It’s a fish-eat-belemnite-eat-crustacean world. A pair of remarkably preserved fossils appear to record the aftermath of a dramatic confrontation in the prehistoric ocean, when one predator was in the middle of a meal only to be targeted by a bigger one.
“The fossil is amazing by itself” because of its state of preservation, says Christian Klug at the University of Zurich in Switzerland. But the remains tell a story that sheds light on who was eating who millions of years ago.
Klug and his team studied the fossils of two marine organisms from the dinosaur era, which were roughly 174 to 183 million years old. The remains were found in 1970 by a fossil collector called Dieter Weber in a quarry near Holzmaden in Germany. They have since been bought by the State Museum of Natural History Stuttgart.
One of the animals is a belemnite (Passaloteuthis laevigata), a cephalopod related to modern squids and octopuses. Belemnites had a bony guard on their tail ends, which are the most commonly preserved bits.
This belemnite had its bony guard, but it also had fragments of soft tissue and parts of the arms. Tangled up with the arms was a second fossil: a crustacean related to modern crayfish and shrimp from the genus Proeryon.
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Crustaceans shed their skin when they grow, and modern cephalopods like to eat the moulted skin. “They actually follow some crayfish so they can eat the moults,” says Klug. He says the belemnite was probably doing the same thing.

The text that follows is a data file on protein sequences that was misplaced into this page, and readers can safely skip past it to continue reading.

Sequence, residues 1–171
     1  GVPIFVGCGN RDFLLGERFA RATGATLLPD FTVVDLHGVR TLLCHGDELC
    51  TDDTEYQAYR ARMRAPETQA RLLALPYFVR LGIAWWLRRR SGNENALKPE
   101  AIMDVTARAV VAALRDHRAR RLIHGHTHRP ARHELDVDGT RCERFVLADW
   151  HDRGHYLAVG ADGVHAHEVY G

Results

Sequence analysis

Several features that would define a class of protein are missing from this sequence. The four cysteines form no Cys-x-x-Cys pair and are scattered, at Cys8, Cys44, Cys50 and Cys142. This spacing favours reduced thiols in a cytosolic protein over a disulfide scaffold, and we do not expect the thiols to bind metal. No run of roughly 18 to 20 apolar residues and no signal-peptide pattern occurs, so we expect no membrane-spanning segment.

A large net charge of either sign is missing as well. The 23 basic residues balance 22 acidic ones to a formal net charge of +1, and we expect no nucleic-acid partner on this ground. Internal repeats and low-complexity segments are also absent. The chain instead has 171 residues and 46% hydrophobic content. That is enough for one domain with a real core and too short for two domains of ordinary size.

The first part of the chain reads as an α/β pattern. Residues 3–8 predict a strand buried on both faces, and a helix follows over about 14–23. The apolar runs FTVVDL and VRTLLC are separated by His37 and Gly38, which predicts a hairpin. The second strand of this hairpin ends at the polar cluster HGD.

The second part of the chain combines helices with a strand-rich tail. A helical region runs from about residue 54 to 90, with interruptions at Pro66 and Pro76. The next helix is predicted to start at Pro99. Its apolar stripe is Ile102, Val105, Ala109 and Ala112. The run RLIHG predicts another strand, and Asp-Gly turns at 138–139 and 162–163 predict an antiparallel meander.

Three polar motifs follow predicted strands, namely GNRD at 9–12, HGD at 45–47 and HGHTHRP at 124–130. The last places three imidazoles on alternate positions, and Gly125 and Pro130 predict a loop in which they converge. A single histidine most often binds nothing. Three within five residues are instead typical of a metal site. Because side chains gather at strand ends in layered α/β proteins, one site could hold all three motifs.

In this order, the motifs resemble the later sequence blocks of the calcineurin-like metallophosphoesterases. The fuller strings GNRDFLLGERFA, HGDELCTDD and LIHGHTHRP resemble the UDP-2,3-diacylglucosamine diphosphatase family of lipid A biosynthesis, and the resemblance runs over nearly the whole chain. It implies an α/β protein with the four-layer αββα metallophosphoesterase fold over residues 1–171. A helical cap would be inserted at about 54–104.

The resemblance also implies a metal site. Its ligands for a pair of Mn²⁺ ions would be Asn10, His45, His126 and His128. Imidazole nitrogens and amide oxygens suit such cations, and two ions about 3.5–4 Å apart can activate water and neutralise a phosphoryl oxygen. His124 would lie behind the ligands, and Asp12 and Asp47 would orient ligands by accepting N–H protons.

But the incompleteness of the belemnite, despite the overall superb preservation, suggests it didn’t complete its meal. Klug says a larger predator seems to have targeted it and eaten most of the soft body parts, discarding the bony guard.
It isn’t clear what ate the belemnite, but Klug suspects a shark called Hybodus hauffianus, which is known to have eaten belemnites. One specimen has at least 93 belemnite guards in its stomach, which may have killed it in a truly spectacular case of indigestion.
Klug suggests that most predators learned not to swallow the guards, choosing either to spit them out, vomit them up or just bite off the soft parts and ditch the rest. If a shark did that, it would explain why only those parts of the belemnite were preserved.
Journal reference: Swiss Journal of Palaeontology, DOI: 10.1186/s13358-021-00225-z